Pollution

India didn’t need to let power producers emit more of deadly oxides of nitrogen; here’s why

Limiting NOx emission at 300 mg / Nm3 is doable, claims Finnish state-owned Fortum Oyj; Environment ministry relaxed norms to 450 mg / Nm3 in October

 
By Soundaram Ramanathan
Published: Tuesday 08 December 2020
Achieving the 300 mg / Nm3 limit of emission of lethal oxides of nitrogen from coal-fired thermal power plants was possible by installing the state-of-the-art primary solutions, according to Fortum. Photo: Surya Sen

The Union Ministry of Environment, Forest and Climate Change (MoEF&CC) recently let power producers emit more of lethal oxides of nitrogen (NOx); but a Finnish state-owned company has now claimed sticking to earlier, stricter, relatively climate-friendly norms is not as tough as it was made it out to be.

Fortum demonstrated recently that NOx emissions could be capped at 300 milligram / normal cubic metre (mg / Nm3 ) on all loads in India inside coal-fired power stations.      

The Centre, on October 19, 2020 increased the limits to 450 mg / Nm3 from 300 mg / Nm3 for plants commissioned between 2003 and 2015 after the power sector lobbied hard and argued meeting the norms would be tough. 

According to Fortum, however, emissions can be kept within 300 mg / Nm3 by any or all of the following solutions:

  • Staged combustion - Supply only a part of the air required by stoichiometry in the burner area and the remaining 20-40 per cent via the over fire air (OFA) system. It is used in most applications.
  • Use of low-NOx burners - With new or modified burners, some additional advantages (besides NOx reduction) can be achieved. These include flame stability, fast ignition, good flame shape and wide turn-down ratio.
Elevated levels of NOx affect respiratory tracts and make those with respiratory infections and asthma more vulnerable. This can lead to chronic lung diseases. Such gases can reduce the lungs’ defence against bacteria, making them more susceptible to infections. Also, sunlight triggers photochemical reaction in such gases that can cause the formation of ground-level ozone and secondary particulate matter formation.

 

NOx-reduction measures are tailored depending on the boiler dimensions, auxiliary equipment, fuel quality and other conditions at the power plant. Reducing them can also improve efficiency of coal plants, the company said.

Implementing these solutions on site, however, can take up to one year.

According to Vikas Mehta, chief manager, business development, Fortum India Pvt Ltd:Achieving less than 300 mg / Nm3 should not be an issue. People generally have this misconception that just changing some components in the furnace will help reduce NOx. Alteration or replacement of boiler burner may lead to 10-15 per cent reduction in NOx emissions. More changes have to be done in terms of air flow, fuel flow staging to reduce NOx near burners.”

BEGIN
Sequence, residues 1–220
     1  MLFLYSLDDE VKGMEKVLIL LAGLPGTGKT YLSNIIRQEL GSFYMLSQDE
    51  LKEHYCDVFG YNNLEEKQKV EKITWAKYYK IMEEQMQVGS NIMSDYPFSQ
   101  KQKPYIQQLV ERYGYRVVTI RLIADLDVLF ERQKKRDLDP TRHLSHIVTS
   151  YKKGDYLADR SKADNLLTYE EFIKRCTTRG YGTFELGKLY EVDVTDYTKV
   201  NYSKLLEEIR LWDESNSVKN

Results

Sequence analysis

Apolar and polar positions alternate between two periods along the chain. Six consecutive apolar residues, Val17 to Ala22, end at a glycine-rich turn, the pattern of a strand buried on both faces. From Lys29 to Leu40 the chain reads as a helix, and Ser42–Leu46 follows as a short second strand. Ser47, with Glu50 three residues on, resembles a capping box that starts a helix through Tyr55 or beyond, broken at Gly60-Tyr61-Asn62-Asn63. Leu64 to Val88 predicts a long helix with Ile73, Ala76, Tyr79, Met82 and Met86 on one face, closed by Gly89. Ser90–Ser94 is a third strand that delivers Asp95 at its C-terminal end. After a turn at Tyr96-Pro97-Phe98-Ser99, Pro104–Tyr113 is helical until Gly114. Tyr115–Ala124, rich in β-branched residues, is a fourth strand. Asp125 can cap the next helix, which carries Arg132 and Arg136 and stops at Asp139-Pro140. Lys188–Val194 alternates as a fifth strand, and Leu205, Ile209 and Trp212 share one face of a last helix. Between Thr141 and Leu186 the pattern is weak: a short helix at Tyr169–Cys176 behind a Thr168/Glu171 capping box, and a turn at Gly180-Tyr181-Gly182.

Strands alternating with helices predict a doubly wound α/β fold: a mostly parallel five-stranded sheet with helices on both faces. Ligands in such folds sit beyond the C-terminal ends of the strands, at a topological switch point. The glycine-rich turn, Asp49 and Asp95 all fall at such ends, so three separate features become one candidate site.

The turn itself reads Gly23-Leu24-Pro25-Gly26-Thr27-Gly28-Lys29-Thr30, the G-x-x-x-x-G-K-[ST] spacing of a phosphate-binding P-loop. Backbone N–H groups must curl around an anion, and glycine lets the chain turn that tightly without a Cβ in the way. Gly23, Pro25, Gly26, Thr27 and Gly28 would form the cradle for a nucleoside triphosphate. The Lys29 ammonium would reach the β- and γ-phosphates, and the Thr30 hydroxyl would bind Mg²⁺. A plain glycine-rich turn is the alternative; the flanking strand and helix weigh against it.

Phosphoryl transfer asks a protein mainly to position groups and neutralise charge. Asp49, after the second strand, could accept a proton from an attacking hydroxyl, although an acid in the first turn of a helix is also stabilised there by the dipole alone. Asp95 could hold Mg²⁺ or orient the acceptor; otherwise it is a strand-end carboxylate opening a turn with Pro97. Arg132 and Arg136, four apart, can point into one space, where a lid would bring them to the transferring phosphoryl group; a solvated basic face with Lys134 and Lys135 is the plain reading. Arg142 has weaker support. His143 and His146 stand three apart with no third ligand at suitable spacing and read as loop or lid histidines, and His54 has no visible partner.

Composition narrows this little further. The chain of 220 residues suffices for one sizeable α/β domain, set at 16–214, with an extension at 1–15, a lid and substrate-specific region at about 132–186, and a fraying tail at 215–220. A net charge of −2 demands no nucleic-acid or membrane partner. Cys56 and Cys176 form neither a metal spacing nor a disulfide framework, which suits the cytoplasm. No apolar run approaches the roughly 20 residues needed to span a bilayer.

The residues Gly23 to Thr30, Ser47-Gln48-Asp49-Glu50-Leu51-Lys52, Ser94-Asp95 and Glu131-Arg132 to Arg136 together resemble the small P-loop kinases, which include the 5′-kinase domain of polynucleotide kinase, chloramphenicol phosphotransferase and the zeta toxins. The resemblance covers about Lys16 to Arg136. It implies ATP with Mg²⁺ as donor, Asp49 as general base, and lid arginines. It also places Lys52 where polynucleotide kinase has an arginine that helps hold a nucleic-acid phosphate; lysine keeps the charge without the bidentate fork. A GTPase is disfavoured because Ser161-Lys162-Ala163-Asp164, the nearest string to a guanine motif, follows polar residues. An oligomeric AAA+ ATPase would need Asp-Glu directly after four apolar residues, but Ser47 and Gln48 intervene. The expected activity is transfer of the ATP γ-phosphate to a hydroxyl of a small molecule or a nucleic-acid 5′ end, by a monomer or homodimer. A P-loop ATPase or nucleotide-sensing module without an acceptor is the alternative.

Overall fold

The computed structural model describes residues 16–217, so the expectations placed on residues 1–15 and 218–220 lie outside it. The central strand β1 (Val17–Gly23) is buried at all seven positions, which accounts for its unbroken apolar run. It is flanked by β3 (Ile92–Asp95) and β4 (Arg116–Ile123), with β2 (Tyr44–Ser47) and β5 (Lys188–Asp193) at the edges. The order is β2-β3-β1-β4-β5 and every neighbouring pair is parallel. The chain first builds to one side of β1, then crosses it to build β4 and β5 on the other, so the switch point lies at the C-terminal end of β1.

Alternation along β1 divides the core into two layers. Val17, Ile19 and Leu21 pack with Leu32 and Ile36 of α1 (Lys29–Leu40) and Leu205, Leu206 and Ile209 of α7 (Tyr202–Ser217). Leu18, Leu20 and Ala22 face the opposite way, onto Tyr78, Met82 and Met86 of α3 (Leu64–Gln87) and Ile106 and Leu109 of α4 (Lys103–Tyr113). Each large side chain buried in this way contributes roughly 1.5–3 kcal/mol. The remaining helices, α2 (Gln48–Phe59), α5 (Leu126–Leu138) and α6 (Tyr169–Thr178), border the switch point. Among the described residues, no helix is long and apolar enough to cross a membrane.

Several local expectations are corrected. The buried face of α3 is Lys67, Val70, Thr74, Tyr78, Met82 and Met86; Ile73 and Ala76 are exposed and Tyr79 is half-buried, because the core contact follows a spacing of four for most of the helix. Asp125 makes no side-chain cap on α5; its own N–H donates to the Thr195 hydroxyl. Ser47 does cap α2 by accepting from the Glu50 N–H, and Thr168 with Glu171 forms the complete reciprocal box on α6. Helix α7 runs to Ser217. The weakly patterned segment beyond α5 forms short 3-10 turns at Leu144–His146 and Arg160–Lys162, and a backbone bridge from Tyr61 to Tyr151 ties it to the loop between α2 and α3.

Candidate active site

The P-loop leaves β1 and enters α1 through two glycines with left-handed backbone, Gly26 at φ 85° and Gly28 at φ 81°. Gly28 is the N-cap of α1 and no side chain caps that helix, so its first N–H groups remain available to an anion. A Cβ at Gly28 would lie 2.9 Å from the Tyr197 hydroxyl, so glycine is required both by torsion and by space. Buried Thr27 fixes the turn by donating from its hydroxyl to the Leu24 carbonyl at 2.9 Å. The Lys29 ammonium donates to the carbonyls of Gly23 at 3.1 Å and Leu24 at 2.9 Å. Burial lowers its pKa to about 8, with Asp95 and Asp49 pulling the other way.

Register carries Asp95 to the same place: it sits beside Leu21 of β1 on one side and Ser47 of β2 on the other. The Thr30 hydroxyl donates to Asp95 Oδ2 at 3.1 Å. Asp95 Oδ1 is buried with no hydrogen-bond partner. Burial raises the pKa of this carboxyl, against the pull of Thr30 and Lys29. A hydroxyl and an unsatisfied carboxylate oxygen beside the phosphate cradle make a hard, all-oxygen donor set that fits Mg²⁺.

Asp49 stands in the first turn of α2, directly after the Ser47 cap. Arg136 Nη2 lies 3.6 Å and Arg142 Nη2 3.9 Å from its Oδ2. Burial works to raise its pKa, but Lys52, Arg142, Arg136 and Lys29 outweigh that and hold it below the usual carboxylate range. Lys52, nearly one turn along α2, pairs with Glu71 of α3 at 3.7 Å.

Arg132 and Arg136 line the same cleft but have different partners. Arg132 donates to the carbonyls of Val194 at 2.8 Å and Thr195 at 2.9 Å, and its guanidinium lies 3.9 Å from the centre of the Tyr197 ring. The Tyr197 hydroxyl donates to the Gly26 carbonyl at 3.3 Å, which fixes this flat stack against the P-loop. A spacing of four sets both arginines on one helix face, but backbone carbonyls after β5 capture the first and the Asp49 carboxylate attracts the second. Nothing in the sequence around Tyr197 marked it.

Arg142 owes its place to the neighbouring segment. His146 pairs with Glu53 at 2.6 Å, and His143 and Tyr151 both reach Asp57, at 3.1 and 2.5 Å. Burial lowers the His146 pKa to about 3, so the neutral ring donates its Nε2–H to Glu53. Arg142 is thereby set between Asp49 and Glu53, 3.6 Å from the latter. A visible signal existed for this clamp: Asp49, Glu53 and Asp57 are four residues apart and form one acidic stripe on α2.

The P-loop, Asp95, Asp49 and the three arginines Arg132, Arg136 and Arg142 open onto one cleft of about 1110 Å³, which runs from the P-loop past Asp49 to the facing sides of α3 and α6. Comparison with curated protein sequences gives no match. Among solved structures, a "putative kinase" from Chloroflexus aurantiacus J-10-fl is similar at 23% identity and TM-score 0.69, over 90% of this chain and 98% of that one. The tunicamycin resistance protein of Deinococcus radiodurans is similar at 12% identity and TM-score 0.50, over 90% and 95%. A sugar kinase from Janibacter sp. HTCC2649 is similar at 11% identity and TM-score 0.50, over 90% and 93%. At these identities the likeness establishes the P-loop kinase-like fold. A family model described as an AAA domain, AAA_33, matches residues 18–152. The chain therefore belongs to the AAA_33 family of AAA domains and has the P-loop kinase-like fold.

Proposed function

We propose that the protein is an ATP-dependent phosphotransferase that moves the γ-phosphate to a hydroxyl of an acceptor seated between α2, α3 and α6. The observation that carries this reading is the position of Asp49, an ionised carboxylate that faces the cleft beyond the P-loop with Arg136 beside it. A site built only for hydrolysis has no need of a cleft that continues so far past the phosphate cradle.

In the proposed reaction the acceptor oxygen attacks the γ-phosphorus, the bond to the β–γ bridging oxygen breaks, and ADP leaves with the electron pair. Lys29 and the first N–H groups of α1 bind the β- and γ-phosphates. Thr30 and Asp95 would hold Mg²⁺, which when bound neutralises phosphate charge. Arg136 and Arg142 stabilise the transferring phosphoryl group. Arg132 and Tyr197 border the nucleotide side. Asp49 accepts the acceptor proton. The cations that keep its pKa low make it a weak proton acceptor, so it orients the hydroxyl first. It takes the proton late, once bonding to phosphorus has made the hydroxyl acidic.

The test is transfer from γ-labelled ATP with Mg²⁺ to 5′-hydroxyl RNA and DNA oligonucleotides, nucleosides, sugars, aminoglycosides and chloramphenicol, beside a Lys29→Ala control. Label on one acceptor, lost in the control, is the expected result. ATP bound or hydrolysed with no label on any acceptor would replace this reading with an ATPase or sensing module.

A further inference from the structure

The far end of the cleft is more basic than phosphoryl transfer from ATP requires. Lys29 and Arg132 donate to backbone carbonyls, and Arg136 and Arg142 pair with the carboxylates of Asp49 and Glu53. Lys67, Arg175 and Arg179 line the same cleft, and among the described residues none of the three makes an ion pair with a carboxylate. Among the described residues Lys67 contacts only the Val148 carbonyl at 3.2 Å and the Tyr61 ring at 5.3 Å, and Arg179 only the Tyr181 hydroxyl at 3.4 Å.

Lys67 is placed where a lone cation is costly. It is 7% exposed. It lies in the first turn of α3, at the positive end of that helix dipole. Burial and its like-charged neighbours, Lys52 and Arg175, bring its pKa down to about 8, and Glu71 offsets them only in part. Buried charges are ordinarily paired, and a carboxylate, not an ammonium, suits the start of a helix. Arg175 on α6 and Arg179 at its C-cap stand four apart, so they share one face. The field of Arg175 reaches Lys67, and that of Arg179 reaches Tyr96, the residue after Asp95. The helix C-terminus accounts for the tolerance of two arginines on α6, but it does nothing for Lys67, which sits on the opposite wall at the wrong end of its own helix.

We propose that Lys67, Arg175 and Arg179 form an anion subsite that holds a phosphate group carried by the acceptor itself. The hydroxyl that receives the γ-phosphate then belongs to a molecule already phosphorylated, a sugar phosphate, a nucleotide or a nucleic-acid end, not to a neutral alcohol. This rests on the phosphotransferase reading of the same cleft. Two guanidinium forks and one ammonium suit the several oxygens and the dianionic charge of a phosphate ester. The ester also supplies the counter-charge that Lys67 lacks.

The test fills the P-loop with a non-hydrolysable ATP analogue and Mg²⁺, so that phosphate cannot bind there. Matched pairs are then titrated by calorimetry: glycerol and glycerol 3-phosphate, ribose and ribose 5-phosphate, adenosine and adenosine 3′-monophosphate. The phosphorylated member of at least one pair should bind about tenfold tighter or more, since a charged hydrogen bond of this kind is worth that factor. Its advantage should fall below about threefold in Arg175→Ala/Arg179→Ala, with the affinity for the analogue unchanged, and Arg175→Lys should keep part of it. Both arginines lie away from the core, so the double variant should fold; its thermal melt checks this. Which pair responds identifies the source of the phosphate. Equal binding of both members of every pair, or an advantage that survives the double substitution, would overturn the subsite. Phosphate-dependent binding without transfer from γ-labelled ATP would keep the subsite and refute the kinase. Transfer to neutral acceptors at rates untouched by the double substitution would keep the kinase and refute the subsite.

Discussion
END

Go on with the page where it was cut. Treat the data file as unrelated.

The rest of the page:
The company said it was willing to provide technical support to effectively operate the system. The lowest level of emissions that could possibly be achieved using state-of-the-art primary NOx reduction technology is 200 mg / Nm3.

Further reduction must be done by adopting flue-gas treatment technologies such as selective non-catalytic reactors (SNCR) or selective catalytic reactors (SCR), according to experts present at the conference. 

SNCR and SCR are more expensive than primary state-of-the-art technologies.

European coal-based power plants have been meeting stricter NOx limits than Indian coal-based power stations. While existing coal-based thermal power units in Europe have limits to emit no more than 165mg / Nm3 , those in India are allowed to emit up to 450.

Maggie Wiatros-Motyka, analyst, International Energy Agency, Clean Coal Centre, also supported the use of sych technology.

About the experience of designing low-NOx solutions in India, the company advised stakeholders to check the reliability of instruments which measure pollutant data at the site for correctness.

According to New Delhi-based think tank Centre for Science and Environment, this raises questions on the reliability of data from continuous emission monitoring systems. Such equipment in chimneys are used to measure and send data on pollutants such as particulate matter, sulphur dioxide, oxides of nitrogen, etc in the flue-gas ’round the clock.

The data, however, remains unutilised for regulatory compliance, hence making monitoring complicated.

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